The coast gradually transitioned from sand dunes to low lying cliffs. After 3 hours of not seeing another living thing I finally began seeing fish camps again. The air was still very clear and way off in the distance I could see Isla Natividad, an island just off the tip of Punta Eugenia. It would take me over two hours to get to that point, but when I did get there a feeling of euphoria came over me like I had never experienced before. I guess deep down inside I knew that getting past this point was a major landmark in my big adventure, and rounding the point put me in a fantastic upbeat mood. As I passed the point the ocean surface became lake-like and the following seas pushed me for the next 8 miles to the entrance to Bahia Tortugas. I felt like the luckiest guy in the world and became re-energized for the balance of the trip to Cabo!

After a brief rearranging of pangas with a fisherman at the base of the pier, I tied up the Vaka V. and tried to figure out how to get up the death-trap ladder to reach the top of the pier. The rungs on the metal ladder were old and rusted and once on top there was a huge wooden beam preventing a smooth transition from the ladder to the dock itself. Fortunately a bevy of local kids accompanied by the local town drunk came out to greet me, and one by one they caught my empty plastic gas cans as I threw them from the boat to the top deck of the pier. And then they noticed the tennis balls that I had brought along for gifts on the front deck of the boat. You'd think these kids had never seen a tennis ball before! I had passed up one for each boy but kids know no limits. "Mas...mas!" they shouted with big smiles. Who could resist! I think each kid ended up with 3 or 4 tennis balls and a few of the fly swatters I had brought along as well.

I hiked to the Pemex station to fill my cans with gas and I was not surprised that it was out of gasoline and closed. A young man in a beat-to-death truck offered me a ride to another place just outside town that sold gas, just a soon as he put air in his right rear tire. The tire bead had come off of the rim so we wiggled and waggled the tire until the bead set, filled it with air, and off we went. By the time we got to the gas stop the tire was flat again. I put 10 liters of gas in his truck to thank him for his help, he filled his tire with air again, and off we went back to the pier. I wondered how many times each day this kid had to put air in his tire! I gave him a couple of dollars for a cold beer, thanked him and off I went. Soon I had my full gas cans in place on the bow of the boat, and I was ready for my first meal of the day.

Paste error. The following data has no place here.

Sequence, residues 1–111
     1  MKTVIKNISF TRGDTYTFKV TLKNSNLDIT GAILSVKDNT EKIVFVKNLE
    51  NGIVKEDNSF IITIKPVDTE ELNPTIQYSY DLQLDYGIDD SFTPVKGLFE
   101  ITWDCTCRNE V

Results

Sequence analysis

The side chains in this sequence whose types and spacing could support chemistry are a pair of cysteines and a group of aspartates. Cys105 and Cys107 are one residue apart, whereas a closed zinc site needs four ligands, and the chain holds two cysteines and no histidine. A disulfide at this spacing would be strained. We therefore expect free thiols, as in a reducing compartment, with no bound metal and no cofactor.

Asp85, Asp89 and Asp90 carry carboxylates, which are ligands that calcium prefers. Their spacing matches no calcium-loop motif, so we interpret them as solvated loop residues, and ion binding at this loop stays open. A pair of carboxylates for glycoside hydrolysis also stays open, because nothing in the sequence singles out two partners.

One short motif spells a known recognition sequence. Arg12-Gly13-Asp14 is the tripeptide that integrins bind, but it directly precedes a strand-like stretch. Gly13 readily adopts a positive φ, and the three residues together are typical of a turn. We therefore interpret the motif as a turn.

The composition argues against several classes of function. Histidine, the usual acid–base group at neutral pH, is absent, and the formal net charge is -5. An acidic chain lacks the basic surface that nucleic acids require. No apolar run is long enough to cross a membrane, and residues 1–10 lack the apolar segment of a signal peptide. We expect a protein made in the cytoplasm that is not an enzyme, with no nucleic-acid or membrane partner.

I noticed a hamburger cart next to a small grocery store on a dusty side street. After buying a pack of cookies to snack on for the trip, I ordered up what was probably the best hamburger this side of Todos Santos. The monster burger patty was dressed in fresh guacamole, catsup and mustard, mayonnaise, onions, jalapenos and who knows what else. Partnered with an ice cold Coke...I seemed at one with the Universe. Only one thing could make this night any better...a hot shower. Was I asking too much?

The small but clean Hotel Morraco offered 5 upstairs rooms at $120 pesos each. At $14 U.S. it was a no-brainer...I would have paid that much just for a shower! It felt great to lay on a bed again, and I barely planned the next leg of my voyage to Punta Abreojos before falling asleep.